The influence of Eliot’s work on writers of succeeding generations has been the subject of sustained and fierce debate. In 1939, Robert Penn Warren called it “the most important single influence on American poetry.” Not long after Eliot’s death, Leslie Fiedler asked, “Why does he now seem so irrelevant to young readers and writers of poetry?” In 1964, Ralph Ellison recalled, “The Waste Land seized my mind. . . . Somehow its rhythms were often closer to those of jazz than were those of the Negro poets.” And decades later, Amy Clampitt said, “no single poem written in this century has had more influence than The Waste Land.” This much is certain: the debate will only intensify as more of Eliot’s writing appears in new editions and archives. This seminar will focus on the varieties of Eliot’s influence on writers of the twentieth and twenty-first centuries. Participants may want to consider any of the following questions:
- How have writers in the generations after Eliot adapted and transformed his work to meet their creative needs? Has their work shed new light on Eliot’s?
- What historical, institutional, biographical, and cultural contexts facilitated and framed Eliot’s influence on later writers?
- Eliot has been a part of academic curricula for much of the twentieth and twenty-first centuries, and many great teachers of his work have themselves been poets and critics. How has his influence been shaped from these classrooms? Which scholars and poets have passed on particularly striking or unconventional versions of Eliot to their students?
- How have Eliot’s ideas about influence affected the discussion of his own influence?
- How have critical narratives and polemics about Eliot’s influence changed?
- What evidence should we consider or exclude in the discussion of “influence,” including textual parallels and echoes, published correspondence, draft manuscripts, marginal markings, and other archival documents?
Anthony Cuda is Associate Head and Associate Professor of English at the University of North Carolina, Greensboro. He is the author of The Passions of Modernism: Eliot, Yeats, Woolf, and Mann(2010) and co-editor of The Complete Prose of T. S. Eliot: The Critical Edition, Vol. 2: The Perfect Critic, 1919-1926. He is the Executive Director of the T. S. Eliot International Summer School, held annually in London, and he has been on the Board of Directors of the International T. S. Eliot Society since Fall 2011. He’s finishing a book on Eliot’s influence called “An Eliot Quartet: Jarrell, Plath, Heaney, and Glück.”
Peer Seminar II:
The Waste Land in 2021
Led by Megan Quigley
At the centennial of the composition of Eliot’s most famous poem and his historic collaboration with Ezra Pound, we convene this seminar to explore the texts, contexts, and reception of The Waste Land then and now, inviting papers on any aspect of the poem, including, but not limited to the following themes:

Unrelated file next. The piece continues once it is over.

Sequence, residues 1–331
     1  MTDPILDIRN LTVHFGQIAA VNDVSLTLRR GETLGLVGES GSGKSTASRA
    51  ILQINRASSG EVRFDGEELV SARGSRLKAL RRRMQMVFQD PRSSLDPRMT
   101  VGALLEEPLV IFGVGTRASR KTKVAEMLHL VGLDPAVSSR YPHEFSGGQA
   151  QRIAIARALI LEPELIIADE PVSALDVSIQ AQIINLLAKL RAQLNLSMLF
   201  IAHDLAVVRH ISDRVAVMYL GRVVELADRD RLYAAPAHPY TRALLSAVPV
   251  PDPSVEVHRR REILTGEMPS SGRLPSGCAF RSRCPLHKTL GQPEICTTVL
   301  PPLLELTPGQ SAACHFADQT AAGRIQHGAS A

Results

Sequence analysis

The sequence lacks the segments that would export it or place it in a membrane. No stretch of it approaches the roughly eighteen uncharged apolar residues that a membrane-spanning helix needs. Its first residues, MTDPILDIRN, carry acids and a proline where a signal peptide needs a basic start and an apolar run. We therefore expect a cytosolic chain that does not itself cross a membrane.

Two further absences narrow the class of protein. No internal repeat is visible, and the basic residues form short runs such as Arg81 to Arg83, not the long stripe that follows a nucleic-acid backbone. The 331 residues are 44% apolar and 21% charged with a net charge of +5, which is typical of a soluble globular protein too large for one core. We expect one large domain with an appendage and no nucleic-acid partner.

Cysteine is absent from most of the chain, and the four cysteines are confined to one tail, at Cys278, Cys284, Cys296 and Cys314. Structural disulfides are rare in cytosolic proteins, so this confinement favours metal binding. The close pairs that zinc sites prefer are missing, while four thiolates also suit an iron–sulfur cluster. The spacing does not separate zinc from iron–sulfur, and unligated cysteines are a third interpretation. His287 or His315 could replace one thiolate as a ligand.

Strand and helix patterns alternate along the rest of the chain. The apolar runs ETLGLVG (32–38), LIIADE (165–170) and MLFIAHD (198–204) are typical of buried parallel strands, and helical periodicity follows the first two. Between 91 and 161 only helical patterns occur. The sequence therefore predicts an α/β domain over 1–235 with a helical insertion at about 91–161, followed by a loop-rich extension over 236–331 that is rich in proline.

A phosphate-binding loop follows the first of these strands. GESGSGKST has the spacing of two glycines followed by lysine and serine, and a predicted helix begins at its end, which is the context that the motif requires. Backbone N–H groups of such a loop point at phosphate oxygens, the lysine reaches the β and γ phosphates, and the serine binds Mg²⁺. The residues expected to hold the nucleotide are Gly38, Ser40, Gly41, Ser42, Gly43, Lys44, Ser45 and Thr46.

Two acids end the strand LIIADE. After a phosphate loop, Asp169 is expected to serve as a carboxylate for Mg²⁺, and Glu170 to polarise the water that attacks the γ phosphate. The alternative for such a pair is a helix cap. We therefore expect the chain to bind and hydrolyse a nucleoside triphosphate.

- What have we learned about The Waste Land from the study of its composition? What have we learned about the nature of artistic creativity from the record of Eliot’s drafts and collaborations?
- How do the milieus that frame the poem help us think about this text? These frames include but are not limited to sources, social and political contexts, artistic and intellectual movements, technological innovations, and contemporary or subsequent history. What works by other writers can be productively brought into conversation with this poem of Eliot’s?
- How is The Waste Land in conversation with Eliot’s other work: his poems, both earlier and later? his prose? Does his prose have a place in leading readers into his poem?
- Rachel Sagner Buurma’s and Laura Heffernan’s recent book, The Teaching Archive, has challenged us to rethink the role of the classroom in the formation and dissemination of literary scholarship. What might we learn about Eliot, modernism, and The Waste Land through re-visiting the way Eliot’s poem has been taught in the past and how we teach it now? How were earlier students helped to understand its many voices, fragments, and forms and how do we see this influence on the subsequent 100 years of poetry and modernist scholarship? And if we are in a post-critical moment in literary scholarship, how have both scholars in the past and today, explained why we are hooked (to borrow Rita Felski’s term) on Eliot to our students or fellow scholars?
Megan Quigleyis Associate Professor of English, Irish Studies, and Gender & Women’s Studies at Villanova University. She is author of Modernist Fiction & Vagueness: Philosophy, Form, & Language (2015) and is currently co-editing a volume on revisionary approaches to T. S. Eliot, Eliot Now. She edited a series of forums for Modernism/modernity on modernism and #MeToo. Other recent publications can be found in Poetics Today, Ermeneutica Letteraria, and Time Present. She has held fellowships from the Harry Ransom Center (UT-Austin), The Huntington Library, The Beinecke Library (Yale), and St. Edmund Hall (Oxford).